Creative Displays - Case Study 2

Creative Displays Design and Rendering Evolution During the Pandemic

We are checking back in with Garrett Mier, account manager and designer at Creative Displays. We first spoke with Garrett about his design and rendering experience with our IRender nXt SketchUp extension back in 2019, and when we heard from him recently we were interested to see how things have been going for him and the company during the pandemic.

Creative Displays was founded in 1976 in Camarillo, California. They have historically designed and built trade show exhibits at their Camarillo premises.

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How have things been going for Creative Displays over the last couple of years?
As of February 2020 we were on track to have one of our best years as a company. Then March happened …

We sell trade show exhibits and that is quite difficult to do when the entire world shuts down and comes to a screeching halt! As show after show was cancelled, we had to make a decision and that was to wait out the pandemic or to pivot. So that is what we did. We switched gears from trade shows and went straight into home remodeling. We started a corporate recording studio to help customers create content to share with their customers and also got into building and installing store displays. It has been a wild ride over the last two years.

We did not have to furlough anyone and we kept most of our team together. Now that trade shows are coming back we are more diversified in what we are able to do and can pivot again if we ever need to. It has been rough but also a blessing in disguise and presented us with a challenge that we were able to overcome.

How has the pandemic impacted the exhibit design industry?
Design wise it has still been fairly steady. Although we were doing less volume, we have been seeing bigger budgets and more creative designs.

And of course, we’ve used screen sharing much more. Once I have an initial concept it’s great to be able to walk through the design with the customer online and make real time changes with them. Then it becomes their design and helps move the process along faster.

Have any new design trends / ideas started to appear as a result of the pandemic?
I wouldn’t say the pandemic has directly influenced our designs other that having to add hand sanitizer stations or acrylic shields but even those are starting to fade away. Design trends still trend and are industry dependent. We still have customers that want the bright white corporate look, others that want a warm and homey vibe, and everything in between.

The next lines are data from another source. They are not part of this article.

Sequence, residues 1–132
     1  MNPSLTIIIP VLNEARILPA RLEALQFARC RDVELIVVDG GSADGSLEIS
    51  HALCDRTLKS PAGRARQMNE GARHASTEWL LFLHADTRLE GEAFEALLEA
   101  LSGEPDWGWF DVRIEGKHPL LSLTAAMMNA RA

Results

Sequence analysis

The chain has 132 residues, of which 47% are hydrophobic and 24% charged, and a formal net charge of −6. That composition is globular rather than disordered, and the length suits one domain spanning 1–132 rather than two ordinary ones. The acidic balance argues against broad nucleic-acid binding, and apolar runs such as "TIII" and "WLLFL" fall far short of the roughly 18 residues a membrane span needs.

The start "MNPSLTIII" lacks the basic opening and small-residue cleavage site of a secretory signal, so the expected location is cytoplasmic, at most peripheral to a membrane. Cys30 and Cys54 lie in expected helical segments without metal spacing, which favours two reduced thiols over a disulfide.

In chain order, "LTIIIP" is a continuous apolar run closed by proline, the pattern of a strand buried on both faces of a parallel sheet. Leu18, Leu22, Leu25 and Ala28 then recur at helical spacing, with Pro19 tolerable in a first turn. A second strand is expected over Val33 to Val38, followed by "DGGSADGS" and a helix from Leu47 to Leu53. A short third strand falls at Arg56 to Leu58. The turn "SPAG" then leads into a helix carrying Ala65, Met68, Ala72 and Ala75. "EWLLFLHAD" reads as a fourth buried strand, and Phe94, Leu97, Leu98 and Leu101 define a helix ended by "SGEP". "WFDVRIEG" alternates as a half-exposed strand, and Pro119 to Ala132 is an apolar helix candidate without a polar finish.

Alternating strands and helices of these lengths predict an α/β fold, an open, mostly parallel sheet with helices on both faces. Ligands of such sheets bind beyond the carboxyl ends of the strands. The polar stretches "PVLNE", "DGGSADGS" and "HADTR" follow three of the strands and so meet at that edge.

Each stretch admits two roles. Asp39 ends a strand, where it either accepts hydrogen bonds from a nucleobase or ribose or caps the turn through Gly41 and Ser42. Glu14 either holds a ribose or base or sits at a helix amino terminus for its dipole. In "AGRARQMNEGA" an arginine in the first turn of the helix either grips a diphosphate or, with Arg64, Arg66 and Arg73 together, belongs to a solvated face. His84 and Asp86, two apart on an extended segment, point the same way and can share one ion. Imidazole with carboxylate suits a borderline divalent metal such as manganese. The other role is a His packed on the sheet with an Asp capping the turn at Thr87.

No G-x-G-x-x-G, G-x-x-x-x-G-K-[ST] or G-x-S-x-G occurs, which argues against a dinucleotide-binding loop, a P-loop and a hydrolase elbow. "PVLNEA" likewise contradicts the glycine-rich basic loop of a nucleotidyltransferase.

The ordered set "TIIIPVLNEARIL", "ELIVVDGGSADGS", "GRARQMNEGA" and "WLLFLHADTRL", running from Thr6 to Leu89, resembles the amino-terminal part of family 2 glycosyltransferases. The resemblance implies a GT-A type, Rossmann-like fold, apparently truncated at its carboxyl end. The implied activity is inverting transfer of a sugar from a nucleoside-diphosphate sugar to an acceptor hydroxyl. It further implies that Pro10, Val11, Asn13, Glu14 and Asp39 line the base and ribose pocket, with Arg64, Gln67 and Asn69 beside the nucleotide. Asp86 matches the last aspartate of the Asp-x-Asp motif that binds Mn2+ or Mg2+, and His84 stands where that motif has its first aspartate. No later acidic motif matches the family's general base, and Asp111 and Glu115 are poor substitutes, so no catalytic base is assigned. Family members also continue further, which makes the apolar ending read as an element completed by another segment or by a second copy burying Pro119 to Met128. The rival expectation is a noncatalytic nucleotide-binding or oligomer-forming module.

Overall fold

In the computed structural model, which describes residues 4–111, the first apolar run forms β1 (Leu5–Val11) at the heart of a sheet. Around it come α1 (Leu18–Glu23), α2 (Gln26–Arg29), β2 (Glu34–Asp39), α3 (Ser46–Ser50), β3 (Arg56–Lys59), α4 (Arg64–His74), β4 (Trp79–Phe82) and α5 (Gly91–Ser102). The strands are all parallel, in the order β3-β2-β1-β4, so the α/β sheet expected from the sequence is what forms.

Are you seeing strength/weakness in specific industries you serve as the world strives to return to normal? 
The cannabis industry was the first to go back to shows. The customers that I worked with all had open minds and wanted to create something, cool, impressive and impactful. On the other hand, apparel and shoes took a hard hit, most of them cut trade show budgets all together and have focused on store sales and developing their own internal studios. Gym equipment is another that wasn’t negatively affected, their online sales boomed since everyone now needed to create an at home gym. A lot of those customers are opting out of shows for the foreseeable future since there isn’t a need to go. Some of our customers are still working remote and not ready to go back to shows until the pandemic is well behind us. Technology, Cannabis, Medical and Food have been some of the standout industries for us.

Have you learned anything new in IRender nXt since we last spoke that you’ve incorporated into your rendering setup?
Lighting. This has been a key feature to get the mood and vibe right. I have been assigning lighting tools using the interface and have gotten more efficient about what lights help and where to place them, without completely bogging down my computer.

Thanks for sharing the following renderings you’ve recently produced.
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Do you have any goals to further improve your rendering skills?
One thing I want to do is get more proficient at photorealism. I always provide regular screenshots (not rendered) to show true colors, or at least close to real colors. Renderings help with the overall look by removing seams, lines and imperfections.

Have any of your clients’ projects challenged you, pushing you out of your comfort zone to produce better designs/renderings? Design is one of things that everyone has their own unique style. The market itself has made us push harder for more creative designs. The number one goal is always to try and get onto paper what the customer has in their mind. We don’t always get a second chance so the main focus is to try and get all of the wants and needs out of the customer before even starting the design work. From there it is like any other sales process, building rapport and being customer focused. Getting them what they want for the price they want to pay.

I love any project that gives me a challenge or pushes my capabilities. A good example is SketchUp components. If SketchUp doesn’t have a specific component available in the library I make it from scratch. Even if they do have a component available, it might be built in a way that bogs down my rendering time, so I will make it from scratch with less lines or in a simpler format.

Thanks, Garrett. That’s really fascinating insight into the company’s successful navigation of the last two years. Keep up the good work and we wish you continued success.

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